Public Service Media in the Age of Platforms
For almost 100 years, public service media (PSM) have played a central role in European culture and society. However, over the past decade the rise of global platforms and streaming services has transformed the environment within which PSM operates. PSM organisations have to compete with global streaming services, such as Netflix and YouTube, for audiences, revenue and talent. And they have had to develop new on-demand services and online content that can only be delivered through the online systems owned by global platforms such as Google, Apple and Amazon. PSM-AP asks how PSM organisations, and the regulators and policymakers that legislate for and enforce their remits, are adapting to this new platform age, and how their responses might be altering the social and cultural values of PSM and its ability to operate in the public interest. It focuses on television, which remains at the heart of PSM. It asks how the new environment within which PSM organisations are operating might affect the values that underpin the production and distribution of TV programmes by PSM organisations, and the policy debates and regulatory structures that shape the remits and structures within which PSM organisations operate.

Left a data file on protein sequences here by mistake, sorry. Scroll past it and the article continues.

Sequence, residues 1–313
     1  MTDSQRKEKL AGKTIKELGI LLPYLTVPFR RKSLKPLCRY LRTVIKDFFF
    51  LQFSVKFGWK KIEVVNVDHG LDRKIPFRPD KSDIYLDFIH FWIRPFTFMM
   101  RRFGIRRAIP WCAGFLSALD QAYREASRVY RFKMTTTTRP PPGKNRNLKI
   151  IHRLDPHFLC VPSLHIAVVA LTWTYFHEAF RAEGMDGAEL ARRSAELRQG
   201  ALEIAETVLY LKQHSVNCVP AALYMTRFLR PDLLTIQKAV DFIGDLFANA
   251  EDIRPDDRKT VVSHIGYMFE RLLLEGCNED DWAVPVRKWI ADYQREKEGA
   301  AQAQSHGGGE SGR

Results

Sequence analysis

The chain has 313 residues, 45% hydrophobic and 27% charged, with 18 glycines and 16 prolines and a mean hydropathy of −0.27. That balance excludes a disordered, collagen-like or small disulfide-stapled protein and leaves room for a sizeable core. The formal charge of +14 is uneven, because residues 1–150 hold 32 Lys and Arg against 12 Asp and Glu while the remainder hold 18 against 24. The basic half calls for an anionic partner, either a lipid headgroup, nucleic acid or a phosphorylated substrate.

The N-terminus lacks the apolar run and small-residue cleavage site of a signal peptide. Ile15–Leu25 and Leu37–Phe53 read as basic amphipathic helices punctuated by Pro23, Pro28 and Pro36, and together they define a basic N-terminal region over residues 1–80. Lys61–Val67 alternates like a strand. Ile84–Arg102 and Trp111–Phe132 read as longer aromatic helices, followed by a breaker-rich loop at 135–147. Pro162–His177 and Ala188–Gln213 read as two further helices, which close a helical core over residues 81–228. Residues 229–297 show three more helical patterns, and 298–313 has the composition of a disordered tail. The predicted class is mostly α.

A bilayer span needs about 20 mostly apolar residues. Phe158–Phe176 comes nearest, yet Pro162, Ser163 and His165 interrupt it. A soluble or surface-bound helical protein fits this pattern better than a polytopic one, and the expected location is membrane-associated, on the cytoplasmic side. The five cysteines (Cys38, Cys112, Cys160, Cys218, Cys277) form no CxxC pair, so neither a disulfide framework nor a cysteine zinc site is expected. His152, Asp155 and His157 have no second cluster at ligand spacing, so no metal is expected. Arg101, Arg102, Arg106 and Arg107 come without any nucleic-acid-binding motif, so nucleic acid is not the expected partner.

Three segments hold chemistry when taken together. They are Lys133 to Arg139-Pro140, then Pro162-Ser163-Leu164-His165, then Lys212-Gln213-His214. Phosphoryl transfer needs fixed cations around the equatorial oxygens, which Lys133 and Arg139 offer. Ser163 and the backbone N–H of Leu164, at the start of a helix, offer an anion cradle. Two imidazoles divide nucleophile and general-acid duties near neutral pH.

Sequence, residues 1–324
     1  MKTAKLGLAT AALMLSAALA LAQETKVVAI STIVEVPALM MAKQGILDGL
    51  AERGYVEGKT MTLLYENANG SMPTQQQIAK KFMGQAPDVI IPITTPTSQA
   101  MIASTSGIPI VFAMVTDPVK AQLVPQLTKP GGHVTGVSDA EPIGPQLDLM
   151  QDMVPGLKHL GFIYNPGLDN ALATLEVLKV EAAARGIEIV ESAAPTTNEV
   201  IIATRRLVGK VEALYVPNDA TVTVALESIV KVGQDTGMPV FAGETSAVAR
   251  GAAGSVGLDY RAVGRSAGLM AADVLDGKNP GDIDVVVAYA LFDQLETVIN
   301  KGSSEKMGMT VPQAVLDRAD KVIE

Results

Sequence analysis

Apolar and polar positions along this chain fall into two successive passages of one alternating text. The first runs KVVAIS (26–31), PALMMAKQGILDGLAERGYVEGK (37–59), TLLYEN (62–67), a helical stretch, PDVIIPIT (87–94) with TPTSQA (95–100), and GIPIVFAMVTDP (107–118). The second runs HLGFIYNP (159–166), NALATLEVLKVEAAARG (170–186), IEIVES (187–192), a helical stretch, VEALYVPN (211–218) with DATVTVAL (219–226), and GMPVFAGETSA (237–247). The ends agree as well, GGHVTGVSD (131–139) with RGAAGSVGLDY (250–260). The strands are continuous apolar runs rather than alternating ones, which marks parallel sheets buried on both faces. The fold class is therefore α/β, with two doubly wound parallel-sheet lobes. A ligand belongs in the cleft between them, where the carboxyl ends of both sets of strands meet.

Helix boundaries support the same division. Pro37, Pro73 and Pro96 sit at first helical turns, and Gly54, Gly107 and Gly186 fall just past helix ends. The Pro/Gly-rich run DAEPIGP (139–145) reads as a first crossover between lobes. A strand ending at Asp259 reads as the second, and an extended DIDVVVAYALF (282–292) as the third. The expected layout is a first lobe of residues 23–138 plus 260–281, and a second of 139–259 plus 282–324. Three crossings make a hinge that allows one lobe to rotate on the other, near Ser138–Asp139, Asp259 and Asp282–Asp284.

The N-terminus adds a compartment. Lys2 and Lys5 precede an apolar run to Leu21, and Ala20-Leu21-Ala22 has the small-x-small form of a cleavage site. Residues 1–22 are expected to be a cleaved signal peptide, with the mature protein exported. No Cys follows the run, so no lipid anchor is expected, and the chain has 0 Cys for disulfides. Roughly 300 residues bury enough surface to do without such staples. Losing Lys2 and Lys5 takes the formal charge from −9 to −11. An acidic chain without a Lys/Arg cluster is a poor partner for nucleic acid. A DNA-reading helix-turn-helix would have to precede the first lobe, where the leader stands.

The project will compare data gathered within and across six countries and 12 PSM organisations: Belgium (RTBF, VRT), Canada (CBC), Denmark (DR, TV 2), Italy (RAI), Poland (TVP), UK (BBC, Channel 4, S4C, ITV, Channel 5). We will look at policy, regulatory and trade debates/documents, undertake interviews with commissioning, channel/service, curation, marketing and audience research teams within the selected PSM organisations, and analyse the linear schedules, video-on-demand interfaces and programmes of those PSM organisations. Comparing this data across each country will enable us to understand how different factors, such as language, size of nation and legitimacy and funding of PSM, might affect the ways in which PSM organisations, regulators and policymakers are adapting to the platform age. Knowledge exchange with PSM organisations, regulators, policymakers and civil society groups will be used to identify what actions might be needed to ensure that PSM operates in the public interest. The project includes the European Broadcasting Union (EBU) and the European Platform of Regulatory Authorities (EPRA) as project partners and will generate industry and policy briefs, reports, blogs and press articles aimed at securing the public value of PSM.